Marc Hedlund sez, "Wesabe just open sourced a project called Grendel that makes it easy for web apps to encrypt data using the user's login password, and only decrypt that data when the user is logged in. Let's say you're using a word processing web app and don't want your documents stored plaintext -- the web app could use Grendel to easily encrypt your docs for you, using OpenPGP. Log in and you can edit; log out and only you can get at the data again (since only you have your password). There are some hooks for encrypting with multiple keys if you want to share docs with selected other users on the system. Since people are throwing a ton of sensitive data in web apps these days I think having some tools to help make that safer would be a good thing."

Of course, data on web sites is usually shared with at least some other people in some way. Sometimes a user might want to share their information with the web site support staff, so the staff can help solve a problem or fix a bug. Or, the user might want to share their sensitive data with selected other users on the site, such as coworkers or family members. Grendel allows this, letting you encrypt data with multiple keys so that more than one user's password can gain access.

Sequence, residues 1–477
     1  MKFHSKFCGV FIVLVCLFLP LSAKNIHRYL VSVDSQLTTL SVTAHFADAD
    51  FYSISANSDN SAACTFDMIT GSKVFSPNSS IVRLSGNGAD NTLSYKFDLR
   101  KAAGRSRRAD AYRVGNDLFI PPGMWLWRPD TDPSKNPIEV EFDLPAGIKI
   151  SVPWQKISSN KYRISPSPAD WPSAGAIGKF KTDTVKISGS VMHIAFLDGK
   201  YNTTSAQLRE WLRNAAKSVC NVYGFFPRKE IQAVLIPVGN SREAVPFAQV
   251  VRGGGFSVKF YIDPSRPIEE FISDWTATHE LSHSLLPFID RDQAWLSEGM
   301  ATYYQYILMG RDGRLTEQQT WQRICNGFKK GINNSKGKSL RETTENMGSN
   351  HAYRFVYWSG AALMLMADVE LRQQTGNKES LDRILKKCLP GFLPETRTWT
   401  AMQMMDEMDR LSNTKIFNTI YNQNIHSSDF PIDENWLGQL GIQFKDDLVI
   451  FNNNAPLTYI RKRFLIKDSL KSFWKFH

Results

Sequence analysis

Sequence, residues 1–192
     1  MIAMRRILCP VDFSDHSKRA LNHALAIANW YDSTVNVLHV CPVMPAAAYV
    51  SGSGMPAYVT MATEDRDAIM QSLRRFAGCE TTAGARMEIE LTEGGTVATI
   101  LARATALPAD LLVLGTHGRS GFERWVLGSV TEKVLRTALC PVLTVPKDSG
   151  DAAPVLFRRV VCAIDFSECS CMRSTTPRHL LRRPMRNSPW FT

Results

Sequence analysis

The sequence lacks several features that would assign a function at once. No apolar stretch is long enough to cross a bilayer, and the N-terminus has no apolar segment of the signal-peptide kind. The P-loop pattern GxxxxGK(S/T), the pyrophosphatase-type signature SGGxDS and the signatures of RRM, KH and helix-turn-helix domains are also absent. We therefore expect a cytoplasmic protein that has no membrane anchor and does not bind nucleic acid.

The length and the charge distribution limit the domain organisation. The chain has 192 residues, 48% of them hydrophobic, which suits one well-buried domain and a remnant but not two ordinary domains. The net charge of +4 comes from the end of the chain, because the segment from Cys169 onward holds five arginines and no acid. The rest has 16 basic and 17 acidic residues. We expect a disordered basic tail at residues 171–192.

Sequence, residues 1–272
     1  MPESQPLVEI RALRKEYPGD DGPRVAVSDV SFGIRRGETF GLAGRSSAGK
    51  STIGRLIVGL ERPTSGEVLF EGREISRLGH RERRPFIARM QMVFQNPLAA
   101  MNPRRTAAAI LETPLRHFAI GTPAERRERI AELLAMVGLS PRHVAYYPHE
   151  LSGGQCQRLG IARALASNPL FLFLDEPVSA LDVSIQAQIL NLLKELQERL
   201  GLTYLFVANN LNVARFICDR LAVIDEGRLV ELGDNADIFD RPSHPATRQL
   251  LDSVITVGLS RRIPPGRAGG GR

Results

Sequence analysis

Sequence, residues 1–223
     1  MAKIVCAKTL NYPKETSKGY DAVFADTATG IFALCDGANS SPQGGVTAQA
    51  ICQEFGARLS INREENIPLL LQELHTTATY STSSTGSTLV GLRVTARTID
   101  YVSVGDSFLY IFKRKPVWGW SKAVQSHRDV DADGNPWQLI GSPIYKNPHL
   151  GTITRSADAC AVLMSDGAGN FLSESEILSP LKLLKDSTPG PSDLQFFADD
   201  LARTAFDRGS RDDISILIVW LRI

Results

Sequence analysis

It's very easy to screw up when building a cryptography system -- check out Nate Lawson's excellent Google Tech Talk on common crypto flaws, or Matasano's Socratic dialog on similar topics, for a map of the pitfalls available to you, and us. We've been fortunate at Wesabe to have a number of people who think very carefully about security, and they've put a lot of effort into designing and building Grendel. That said, we have two goals in open sourcing Grendel: first, to make a tool available to others that could help make "cloud" applications in general much safer for everyone, and second, to open up what we've built so others can review and help us improve it. We would love comments on any aspect of Grendel, security or otherwise.

Protecting "Cloud" Secrets with Grendel (Thanks, Marc!)

(Disclosure: I am proud to serve on Wesabe's advisory board)